Estate Planning for American Muslims

COVID-19 - Message from our Founder

We have received a lot of questions from people who want to know how to create a will during this pandemic. Please watch the video below from our founder*.

*Yaser Ali is author of Estate Planning for the Muslim Client published by the American Bar Assocation.

How it Works

Estate planning and Islamic Inheritance law are complex. Most Muslims don’t even know where to start. Our goal is to simplify the process for every American Muslim.

Take the Questionnaire

Creating your will involves answering some basic questions about you, your family, your financial affairs, and some preferences. It usually takes about 30 minutes.

Get Your Free Will

This site was designed by expert attorneys who are well versed in Islamic Inheritance laws. Our powerful tool even calculates the shares for each of your beneficiaries according to Islamic law.

Sign Your Documents

Once you receive your will, print it out and follow the signing instructions in order to make it legally valid. Your information will be securely stored so you can come back and update it as often as you’d like.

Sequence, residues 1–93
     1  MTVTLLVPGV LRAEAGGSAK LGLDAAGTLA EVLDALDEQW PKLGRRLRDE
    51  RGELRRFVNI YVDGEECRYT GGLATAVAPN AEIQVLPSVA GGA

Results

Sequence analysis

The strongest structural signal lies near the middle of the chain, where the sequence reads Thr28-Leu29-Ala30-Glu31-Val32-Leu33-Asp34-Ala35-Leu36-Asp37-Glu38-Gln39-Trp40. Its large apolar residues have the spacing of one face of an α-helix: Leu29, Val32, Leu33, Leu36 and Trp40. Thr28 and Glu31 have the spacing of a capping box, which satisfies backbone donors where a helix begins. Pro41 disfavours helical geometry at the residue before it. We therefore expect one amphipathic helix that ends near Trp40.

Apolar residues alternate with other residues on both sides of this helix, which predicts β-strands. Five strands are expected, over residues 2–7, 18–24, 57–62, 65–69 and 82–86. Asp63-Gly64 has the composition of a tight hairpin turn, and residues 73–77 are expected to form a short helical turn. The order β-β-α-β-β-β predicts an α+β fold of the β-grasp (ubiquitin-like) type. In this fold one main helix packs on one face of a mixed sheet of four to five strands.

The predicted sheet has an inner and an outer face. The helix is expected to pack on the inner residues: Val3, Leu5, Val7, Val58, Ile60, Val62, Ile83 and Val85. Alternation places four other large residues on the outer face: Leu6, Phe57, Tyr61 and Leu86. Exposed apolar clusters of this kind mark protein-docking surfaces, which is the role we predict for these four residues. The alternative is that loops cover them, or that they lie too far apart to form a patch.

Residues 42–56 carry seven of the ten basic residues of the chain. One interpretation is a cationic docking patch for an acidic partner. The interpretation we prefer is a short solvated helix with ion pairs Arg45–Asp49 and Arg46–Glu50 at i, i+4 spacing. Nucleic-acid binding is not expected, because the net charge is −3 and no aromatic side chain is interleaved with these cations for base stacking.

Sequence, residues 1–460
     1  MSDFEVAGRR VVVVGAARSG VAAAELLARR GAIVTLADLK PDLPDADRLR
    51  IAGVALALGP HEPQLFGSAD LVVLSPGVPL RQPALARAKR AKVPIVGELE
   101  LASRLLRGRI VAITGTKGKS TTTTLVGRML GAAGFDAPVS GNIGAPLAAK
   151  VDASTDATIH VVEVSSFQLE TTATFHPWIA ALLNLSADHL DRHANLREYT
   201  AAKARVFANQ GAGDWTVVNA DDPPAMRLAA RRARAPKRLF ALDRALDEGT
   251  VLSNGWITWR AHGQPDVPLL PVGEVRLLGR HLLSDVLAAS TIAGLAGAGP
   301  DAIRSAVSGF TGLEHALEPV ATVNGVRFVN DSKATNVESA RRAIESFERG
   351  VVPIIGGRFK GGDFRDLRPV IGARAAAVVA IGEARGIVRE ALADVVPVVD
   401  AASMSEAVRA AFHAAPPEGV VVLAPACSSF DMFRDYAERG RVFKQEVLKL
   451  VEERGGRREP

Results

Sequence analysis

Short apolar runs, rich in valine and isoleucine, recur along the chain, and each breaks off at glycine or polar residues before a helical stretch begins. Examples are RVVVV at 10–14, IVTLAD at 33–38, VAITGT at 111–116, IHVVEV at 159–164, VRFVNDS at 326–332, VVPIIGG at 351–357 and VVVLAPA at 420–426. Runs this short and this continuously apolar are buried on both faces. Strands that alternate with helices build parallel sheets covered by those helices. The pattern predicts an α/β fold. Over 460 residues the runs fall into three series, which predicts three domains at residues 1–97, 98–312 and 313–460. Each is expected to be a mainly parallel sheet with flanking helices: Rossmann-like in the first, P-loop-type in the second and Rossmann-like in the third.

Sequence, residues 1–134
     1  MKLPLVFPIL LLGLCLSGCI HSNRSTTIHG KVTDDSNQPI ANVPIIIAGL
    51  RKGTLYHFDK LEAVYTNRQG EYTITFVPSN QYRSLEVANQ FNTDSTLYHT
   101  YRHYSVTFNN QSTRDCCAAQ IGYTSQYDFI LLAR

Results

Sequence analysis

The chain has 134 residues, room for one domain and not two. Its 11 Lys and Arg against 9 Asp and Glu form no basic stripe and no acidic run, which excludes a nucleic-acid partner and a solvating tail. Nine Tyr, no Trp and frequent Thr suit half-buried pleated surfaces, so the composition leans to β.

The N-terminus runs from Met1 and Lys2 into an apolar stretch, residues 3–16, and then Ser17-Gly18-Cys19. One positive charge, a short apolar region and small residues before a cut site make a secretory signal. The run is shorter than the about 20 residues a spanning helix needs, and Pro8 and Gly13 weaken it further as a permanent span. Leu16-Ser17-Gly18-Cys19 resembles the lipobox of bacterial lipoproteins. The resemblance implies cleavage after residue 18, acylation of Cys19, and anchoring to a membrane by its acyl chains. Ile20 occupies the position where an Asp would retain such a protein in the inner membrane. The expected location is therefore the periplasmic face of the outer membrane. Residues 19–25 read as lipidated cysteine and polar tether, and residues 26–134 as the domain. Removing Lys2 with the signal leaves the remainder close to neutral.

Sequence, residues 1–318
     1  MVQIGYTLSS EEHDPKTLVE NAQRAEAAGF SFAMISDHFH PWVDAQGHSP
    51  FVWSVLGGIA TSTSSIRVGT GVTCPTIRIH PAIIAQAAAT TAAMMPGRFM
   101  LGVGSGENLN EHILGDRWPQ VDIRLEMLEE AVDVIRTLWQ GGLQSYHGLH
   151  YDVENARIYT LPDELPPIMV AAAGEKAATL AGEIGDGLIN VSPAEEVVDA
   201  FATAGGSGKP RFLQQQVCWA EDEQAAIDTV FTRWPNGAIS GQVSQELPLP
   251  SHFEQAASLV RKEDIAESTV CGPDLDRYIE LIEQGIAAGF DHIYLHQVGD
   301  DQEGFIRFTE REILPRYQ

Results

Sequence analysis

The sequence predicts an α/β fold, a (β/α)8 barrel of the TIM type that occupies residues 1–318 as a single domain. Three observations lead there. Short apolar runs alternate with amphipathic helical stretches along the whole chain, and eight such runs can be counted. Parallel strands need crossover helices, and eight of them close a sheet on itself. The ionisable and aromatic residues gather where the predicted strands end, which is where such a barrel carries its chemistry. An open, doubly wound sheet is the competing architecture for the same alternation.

About Us

Our team consists of graduates from top American law schools who are trained in classical Islamic law as well as Silicon Valley trained technology talent.

Yaser Ali

A graduate of Harvard University and UC Berkeley School of Law, Hafiz Yaser Ali J.D. is uniquely qualified to synthesize Islamic legal issues in a modern American context. He specializes in providing Shariah-compliant estate and business planning solutions to Muslim clients around the United States.

Zafir Khan

Zafir Khan is a software engineer with years of experience at Silicon Valley technology firms.

Frequently Asked Questions

Estate Planning is the process of creating a plan to:

1) Control your assets while you are alive and well
2) Care for yourself and your loved ones in the event of incapacity
3) Give what you own to those who you want upon your death in a tax-efficient, cost-effective, and well-organized manner
We hear that a lot. People think estate planning is something only the rich or elderly should do. But in reality, your “estate” is simply a fancy way of saying “your stuff.” It’s everything you own subtracted by everything you owe.